- Through this process of social catergorisation we put people into social groups known as in groups and out groups
Taj Fel stated we tend to group things together and in doings this we tend to exaggerate:
- The diffrence between groups
- Similarities of things in the same group, the same group being more similar than they are
- Examples: Gender and Social class
We categorise people in the same way too.
Bernstein - Gender identity and roles
It seems a feature of our culture that we learn is gender roles and how play them and are not encouraged to question them. It's obvious that this learning is partly achieved through the role-modelling that goes on across our cultural experience - in the family, in school, in the media.
Bernstein said that socialisation is 'a process for masking people safe'. It does this partly by alerting us to danger.
- In our earliest years these dangers seem mostly physical (Eg: Road Skills)
- Later the dangers become more subtle and justify the tendency to stick to established social norms. (Eg: Getting a tattoo)
- This act is seen dangerous to your chances of being accepted as a fully paid up memeber of society with all the benefits that this implies.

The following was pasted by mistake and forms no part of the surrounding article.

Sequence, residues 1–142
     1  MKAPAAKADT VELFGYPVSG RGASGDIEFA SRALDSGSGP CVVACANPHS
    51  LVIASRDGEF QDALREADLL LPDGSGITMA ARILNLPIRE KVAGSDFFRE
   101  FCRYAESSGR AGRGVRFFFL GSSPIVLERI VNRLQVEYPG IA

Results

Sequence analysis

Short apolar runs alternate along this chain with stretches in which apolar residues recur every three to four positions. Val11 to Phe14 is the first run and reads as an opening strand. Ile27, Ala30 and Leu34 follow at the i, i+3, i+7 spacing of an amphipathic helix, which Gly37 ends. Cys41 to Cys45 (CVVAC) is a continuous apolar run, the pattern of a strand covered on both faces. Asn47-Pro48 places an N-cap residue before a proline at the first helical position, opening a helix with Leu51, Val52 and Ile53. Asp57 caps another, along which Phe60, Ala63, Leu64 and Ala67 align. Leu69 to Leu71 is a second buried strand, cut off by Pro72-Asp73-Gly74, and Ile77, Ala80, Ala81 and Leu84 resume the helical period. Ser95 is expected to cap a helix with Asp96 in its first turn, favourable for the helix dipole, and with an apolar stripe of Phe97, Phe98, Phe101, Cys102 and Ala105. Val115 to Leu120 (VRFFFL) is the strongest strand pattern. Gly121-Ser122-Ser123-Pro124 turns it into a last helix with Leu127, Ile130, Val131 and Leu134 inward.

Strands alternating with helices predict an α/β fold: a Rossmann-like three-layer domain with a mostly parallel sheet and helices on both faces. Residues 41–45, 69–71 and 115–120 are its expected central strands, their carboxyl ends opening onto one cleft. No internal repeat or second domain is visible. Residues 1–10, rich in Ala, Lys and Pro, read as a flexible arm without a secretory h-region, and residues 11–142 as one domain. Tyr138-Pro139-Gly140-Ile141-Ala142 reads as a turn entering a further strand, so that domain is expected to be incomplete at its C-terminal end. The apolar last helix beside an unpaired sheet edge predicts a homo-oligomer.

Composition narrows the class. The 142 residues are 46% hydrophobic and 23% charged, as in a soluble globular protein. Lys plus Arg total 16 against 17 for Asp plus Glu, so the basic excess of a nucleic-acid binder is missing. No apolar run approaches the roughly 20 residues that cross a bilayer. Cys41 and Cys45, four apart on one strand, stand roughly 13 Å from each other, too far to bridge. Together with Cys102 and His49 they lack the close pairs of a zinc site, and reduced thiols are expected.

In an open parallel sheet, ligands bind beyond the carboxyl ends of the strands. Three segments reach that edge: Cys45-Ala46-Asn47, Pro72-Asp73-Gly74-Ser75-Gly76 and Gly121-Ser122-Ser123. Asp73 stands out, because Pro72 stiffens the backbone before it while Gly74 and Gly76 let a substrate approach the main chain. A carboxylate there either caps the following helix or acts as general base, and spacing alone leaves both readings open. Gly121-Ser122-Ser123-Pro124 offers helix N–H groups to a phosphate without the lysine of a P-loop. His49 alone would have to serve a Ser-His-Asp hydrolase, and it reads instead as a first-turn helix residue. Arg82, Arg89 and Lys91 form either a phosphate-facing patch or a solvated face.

We sometimes prefer to keep our heads down and to fit in, preferring conformity to alienation.
Gender Role and Identity
Gender Identity is defined as a personal conception of one self as male or female. (Or rarely both or neither). Gender Identity is self identified it is wether you see youself as male or female
Gender Roles are outward manifestations of personality that reflect gender identity
- It has observable factors such as behaviour and appearance
- Gender role is often an outward expression of gender identity but not necessarily
- Some can recognise they are male yet express themself in a feminine way
The media use gender roles and stereotypes to get the genders attention particularly in advertisement